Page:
Despite countless websites that reference Harvey’s story, I was unable to find any news articles online about this young man’s tragic death. However, I recently had the opportunity to hang out with a few of the members of the Upper Peninsula Paranormal Research Society (UPPRS) – and they said they have more details (and the real name) published in their newly released best-selling book Yoopernatural Haunts…and I can’t wait to read all the details!
By the late 1970s, the campus property was sold and became Mackinac Hotel and Conference Center, which was later renamed and has operated as Mission Point Resort since 1987. In the early 1990s, the modern-looking (and then dilapidated) Peter Howard Memorial Library (named for one of the former MRA leaders) was razed to make way for the resort’s now famous lush green shoreline lawn (complete with dozens of bright white Adirondack chairs), an 18-hole executive putting course and Bistro on the Green eatery. According to Liz Ware, whose family purchased the historic property in 2014, it was during this time that a large (and some say deep) natural pond was formed between the putting greens and the rocky shoreline of Lake Huron.
Yet, if you’ve read any online accounts about this pond, you’ll get a very different (and Liz says inaccurate) tale about the “Drowning Pool” of Mackinac.
Centuries ago in European countries like England or Scotland, women who were believed to be witches often died in similar bodies of water. These women were strapped into a seat at the end of a sturdy pole or even a see-saw type contraption (often with rocks being tied to their legs) and repeatedly dunked below the water’s surface. It was common belief that if the woman was a witch, she could not be killed by drowning. If the woman died during the act, it was determined she was in fact a mortal (albeit a dead one). If she lived and was deemed a witch, she would have been hung. Clearly, a no-win situation.
Mackinac Island historian and paranormal researcher Todd Clements is referenced in countless web postings, stating that “back in the 1700s and early 1800s when Fort Mackinac was at its heyday, a lot of brothels popped up. Seven women were accused of being witches and enticing unsuspecting solders, fur traders and husbands to their houses. It is said that rocks were tied around their ankles and they were thrown into the lagoon.”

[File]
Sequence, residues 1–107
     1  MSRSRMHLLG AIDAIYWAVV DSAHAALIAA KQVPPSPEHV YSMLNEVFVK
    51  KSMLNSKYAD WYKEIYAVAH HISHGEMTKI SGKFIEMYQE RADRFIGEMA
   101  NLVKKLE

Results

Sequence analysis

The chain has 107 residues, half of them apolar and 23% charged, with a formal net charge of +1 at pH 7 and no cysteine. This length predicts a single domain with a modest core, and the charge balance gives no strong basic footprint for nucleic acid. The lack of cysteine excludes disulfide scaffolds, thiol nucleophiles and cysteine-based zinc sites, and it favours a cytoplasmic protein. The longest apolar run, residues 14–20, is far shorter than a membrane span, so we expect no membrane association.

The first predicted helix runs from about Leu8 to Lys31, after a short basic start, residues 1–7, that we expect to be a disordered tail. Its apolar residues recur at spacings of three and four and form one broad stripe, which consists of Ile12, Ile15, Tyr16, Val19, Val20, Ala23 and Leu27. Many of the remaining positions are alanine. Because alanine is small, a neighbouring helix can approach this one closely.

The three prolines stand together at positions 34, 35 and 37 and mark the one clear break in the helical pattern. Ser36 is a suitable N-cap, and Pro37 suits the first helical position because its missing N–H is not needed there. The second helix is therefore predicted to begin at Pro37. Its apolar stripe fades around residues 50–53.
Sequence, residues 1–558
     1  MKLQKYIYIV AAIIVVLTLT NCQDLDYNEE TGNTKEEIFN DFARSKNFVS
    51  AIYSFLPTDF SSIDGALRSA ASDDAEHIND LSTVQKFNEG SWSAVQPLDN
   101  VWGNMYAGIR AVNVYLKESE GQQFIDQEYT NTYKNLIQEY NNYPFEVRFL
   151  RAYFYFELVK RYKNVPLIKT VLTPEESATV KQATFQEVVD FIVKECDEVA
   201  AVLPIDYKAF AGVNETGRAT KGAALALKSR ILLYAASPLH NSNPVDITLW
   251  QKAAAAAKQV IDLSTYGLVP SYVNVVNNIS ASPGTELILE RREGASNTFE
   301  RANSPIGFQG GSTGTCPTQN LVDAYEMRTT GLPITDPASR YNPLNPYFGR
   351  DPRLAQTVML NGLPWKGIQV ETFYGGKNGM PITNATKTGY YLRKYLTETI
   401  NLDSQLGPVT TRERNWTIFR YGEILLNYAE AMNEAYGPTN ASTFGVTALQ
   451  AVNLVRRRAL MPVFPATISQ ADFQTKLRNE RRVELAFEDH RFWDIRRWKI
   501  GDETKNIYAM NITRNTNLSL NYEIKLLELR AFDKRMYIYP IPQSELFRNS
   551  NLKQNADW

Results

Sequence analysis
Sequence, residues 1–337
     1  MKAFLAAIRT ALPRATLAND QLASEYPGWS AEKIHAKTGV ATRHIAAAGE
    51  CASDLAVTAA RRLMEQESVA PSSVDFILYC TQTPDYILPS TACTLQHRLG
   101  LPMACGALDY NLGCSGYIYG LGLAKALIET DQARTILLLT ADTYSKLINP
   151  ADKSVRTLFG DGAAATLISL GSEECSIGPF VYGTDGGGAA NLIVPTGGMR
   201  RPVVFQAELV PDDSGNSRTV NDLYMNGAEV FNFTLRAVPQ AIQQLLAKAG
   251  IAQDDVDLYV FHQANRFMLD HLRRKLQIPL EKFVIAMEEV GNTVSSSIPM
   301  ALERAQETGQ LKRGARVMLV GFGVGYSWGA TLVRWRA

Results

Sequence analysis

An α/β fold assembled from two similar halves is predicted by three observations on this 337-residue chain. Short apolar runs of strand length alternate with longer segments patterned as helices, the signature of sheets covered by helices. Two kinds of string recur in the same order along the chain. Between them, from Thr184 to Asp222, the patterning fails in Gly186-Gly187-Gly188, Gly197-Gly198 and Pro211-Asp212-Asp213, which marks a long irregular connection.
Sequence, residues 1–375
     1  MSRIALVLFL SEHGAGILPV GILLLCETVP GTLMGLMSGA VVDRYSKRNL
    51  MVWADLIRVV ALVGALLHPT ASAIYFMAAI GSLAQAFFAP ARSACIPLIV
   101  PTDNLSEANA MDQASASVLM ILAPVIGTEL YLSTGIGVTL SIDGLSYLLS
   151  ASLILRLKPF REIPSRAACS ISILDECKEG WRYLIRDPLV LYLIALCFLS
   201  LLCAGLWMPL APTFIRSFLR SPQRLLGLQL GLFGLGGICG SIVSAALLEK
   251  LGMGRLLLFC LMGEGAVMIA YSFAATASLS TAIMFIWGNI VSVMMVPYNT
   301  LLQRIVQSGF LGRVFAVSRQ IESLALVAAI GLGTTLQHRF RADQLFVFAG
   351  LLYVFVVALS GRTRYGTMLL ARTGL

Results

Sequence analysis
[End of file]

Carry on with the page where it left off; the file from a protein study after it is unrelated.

Anyone who has followed my online postings knows that I’m quick to share spirited stories (I am the author of Michigan’s Haunted Lighthouses after all) about ghosts, vampires, witches and the like…so I was a bit disappointed to learn that the “Drowning Pool” at Mission Point was nothing more than “fake news” spread around the internet one site at a time.
I’m not saying that the accounts of dark shapes and apparitions near this pond should automatically be dismissed…even though I’ve never had an experience there myself. The paranormal world is subjective, some are open to it and some are not. There are a lot of gray areas, where the lack of information can be enough “proof” that someone needs to believe.
Yet, history is pretty definitive. Dates in history, photographs of then and now, personal accounts that can be substantiated by multiple individuals are often undisputed. And…based on the cursory research I’ve done I haven’t found any documentation of witches or brothels on Mackinac Island (except one headline from a MRA article referencing communists and brothels during their era).
If you have any solid information to the contrary, I welcome you to share it!
For now, the only “spirits” I’m prone to find at Mission Point Resort are those served at the bars and restaurants that cater to the global visitors throughout the property’s seven-month season!
For more about the early history of the Mission Point area: https://www.mackinacparks.com/mission-point-began-as-conference-center-and-college/
Witch dunking & Teepees on beach: http://weekinweird.com/2015/06/29/the-ghosts-of-mackinac-island-the-haunted-history-of-michigans-mysterious-isle/